• What is the optimal resource schedule to minimize overhead cost?

• What is the maximum and minimal resource utilization level?

• Where are primary and secondary constraints or bottlenecks?

• What range of queue and process time is allowed to achieve goal?

• What is the current capacity and required capacity to meet the goal?

• What are the anticipated risks for accepting or making new product or model?

OR evaluates the system of interest globally. It considers all factors or all factors identified

the decision makers. For example, to maximize or optimize production performance,

characteristics of each or management identified areas such as rate of production per work

station, rate of material usage per product or program, average time spent in transition and

available capacity in terms of space are considered in the OR models. Viewing such system with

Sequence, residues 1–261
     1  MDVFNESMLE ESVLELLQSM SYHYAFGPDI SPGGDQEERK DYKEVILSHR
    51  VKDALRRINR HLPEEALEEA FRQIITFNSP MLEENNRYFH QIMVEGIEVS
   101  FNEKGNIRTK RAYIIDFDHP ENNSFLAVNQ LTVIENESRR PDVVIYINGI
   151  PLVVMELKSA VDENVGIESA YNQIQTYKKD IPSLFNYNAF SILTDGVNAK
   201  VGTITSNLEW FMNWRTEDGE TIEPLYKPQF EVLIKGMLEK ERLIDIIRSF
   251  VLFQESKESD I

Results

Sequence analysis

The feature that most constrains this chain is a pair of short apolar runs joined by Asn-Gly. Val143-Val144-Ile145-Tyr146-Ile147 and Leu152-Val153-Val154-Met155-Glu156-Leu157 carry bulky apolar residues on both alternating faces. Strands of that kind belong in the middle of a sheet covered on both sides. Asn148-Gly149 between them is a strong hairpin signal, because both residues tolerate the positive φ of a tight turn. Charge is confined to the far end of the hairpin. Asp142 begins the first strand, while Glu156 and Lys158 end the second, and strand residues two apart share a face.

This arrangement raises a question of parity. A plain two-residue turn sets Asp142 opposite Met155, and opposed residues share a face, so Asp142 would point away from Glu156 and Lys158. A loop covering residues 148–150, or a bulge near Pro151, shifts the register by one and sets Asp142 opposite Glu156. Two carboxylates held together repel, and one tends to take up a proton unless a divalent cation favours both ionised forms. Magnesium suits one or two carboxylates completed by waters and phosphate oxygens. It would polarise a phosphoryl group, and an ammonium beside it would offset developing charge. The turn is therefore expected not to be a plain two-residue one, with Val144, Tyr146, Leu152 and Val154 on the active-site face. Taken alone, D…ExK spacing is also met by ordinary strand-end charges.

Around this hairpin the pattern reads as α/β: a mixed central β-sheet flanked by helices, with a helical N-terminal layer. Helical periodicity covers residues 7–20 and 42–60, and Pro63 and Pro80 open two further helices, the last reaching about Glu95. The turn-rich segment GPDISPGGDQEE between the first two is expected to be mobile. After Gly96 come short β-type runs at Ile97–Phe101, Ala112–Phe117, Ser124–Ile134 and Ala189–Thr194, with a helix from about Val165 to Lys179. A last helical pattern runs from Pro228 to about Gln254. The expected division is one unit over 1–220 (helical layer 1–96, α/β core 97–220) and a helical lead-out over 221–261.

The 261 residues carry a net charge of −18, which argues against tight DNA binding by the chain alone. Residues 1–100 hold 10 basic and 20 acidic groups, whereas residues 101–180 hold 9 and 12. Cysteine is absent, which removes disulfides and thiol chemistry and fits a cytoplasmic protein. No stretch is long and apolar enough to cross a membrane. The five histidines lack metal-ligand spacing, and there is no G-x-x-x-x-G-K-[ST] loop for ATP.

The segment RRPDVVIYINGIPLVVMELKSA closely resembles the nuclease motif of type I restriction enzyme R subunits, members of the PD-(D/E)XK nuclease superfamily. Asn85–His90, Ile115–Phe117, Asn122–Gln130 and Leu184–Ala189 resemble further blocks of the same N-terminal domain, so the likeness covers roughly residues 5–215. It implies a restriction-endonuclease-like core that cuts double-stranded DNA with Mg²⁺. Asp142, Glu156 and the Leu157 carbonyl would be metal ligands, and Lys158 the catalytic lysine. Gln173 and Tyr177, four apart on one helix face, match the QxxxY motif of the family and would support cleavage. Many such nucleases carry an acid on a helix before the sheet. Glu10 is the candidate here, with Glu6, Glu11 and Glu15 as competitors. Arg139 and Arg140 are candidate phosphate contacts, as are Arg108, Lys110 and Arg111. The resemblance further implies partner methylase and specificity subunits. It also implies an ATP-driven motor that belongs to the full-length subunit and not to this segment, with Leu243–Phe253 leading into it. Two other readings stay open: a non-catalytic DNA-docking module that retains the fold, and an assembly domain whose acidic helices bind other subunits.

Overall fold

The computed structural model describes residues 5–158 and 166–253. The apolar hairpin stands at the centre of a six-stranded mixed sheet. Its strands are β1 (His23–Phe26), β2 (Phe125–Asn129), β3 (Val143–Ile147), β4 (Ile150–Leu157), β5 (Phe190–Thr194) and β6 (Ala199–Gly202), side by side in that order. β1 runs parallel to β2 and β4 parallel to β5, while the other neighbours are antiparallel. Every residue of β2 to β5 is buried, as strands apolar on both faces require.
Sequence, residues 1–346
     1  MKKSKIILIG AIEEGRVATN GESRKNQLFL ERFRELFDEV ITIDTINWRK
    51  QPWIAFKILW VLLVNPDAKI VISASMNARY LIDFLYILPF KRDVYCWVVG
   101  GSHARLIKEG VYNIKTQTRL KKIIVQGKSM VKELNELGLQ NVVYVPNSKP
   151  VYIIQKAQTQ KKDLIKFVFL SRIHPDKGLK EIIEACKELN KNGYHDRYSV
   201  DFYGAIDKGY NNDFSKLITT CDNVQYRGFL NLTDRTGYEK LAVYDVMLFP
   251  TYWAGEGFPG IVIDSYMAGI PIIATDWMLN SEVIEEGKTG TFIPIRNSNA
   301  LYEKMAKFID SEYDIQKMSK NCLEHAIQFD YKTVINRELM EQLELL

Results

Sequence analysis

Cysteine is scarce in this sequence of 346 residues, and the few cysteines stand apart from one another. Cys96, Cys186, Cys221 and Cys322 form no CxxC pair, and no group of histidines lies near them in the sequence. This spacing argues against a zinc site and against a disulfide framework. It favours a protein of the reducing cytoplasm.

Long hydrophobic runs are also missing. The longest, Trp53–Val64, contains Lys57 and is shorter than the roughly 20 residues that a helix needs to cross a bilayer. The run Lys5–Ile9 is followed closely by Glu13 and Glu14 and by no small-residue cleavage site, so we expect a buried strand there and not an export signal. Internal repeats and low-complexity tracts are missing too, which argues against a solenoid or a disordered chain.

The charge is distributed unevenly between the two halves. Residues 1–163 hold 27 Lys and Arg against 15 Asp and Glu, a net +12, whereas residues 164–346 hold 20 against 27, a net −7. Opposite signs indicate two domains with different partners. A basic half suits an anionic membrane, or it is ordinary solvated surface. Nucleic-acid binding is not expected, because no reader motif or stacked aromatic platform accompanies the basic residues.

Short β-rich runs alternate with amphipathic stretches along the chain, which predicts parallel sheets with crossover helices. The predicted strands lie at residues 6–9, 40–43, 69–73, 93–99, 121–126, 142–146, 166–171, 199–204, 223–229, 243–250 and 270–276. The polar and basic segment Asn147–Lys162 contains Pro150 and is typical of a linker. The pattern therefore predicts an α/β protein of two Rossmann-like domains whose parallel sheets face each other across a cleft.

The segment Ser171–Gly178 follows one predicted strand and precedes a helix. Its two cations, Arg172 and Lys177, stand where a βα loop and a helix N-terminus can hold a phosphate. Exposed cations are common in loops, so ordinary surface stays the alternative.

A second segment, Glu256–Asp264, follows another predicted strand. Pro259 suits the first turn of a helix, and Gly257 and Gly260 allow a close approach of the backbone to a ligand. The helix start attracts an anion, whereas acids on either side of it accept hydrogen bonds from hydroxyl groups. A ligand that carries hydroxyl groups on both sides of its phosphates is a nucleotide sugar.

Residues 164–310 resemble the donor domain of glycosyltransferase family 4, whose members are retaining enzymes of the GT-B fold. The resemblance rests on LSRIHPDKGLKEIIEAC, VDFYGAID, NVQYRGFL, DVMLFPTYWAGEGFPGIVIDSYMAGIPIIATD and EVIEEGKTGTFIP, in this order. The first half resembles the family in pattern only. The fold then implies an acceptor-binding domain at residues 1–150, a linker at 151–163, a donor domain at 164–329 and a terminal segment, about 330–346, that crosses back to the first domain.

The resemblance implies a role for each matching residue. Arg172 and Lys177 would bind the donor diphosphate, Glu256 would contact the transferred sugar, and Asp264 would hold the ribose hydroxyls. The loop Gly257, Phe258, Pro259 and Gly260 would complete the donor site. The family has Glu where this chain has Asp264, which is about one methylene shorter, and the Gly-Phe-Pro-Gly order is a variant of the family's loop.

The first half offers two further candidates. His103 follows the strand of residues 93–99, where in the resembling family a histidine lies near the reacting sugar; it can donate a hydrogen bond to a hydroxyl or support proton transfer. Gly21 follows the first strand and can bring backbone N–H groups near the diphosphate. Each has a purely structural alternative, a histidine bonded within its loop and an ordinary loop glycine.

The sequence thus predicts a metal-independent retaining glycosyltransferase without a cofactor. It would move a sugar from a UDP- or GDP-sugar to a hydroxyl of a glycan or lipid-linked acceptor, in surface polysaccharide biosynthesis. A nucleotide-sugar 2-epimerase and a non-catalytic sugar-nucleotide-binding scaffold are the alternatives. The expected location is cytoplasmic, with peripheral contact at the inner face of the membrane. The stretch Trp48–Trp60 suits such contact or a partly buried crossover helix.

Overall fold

the philosophy of local efficiency, the management will be only interested in maximizing

production performance at a workstation, not entire work stations. Numerous OR techniques are

available to use; however, the scope of this paper is limited to the following commonly used

techniques: Linear (LP), Discrete Event Simulation (DES) and Queueing Theory (QT).

Combination of such techniques in optimization studies, especially in practice. Discussions of

LP, DES and QT techniques are in the following sections.

Linear Programming

Linear programming techniques are considered as mathematics based decision-making tool.

Such technique requires two fundamental types of functions, objective and constraints, that is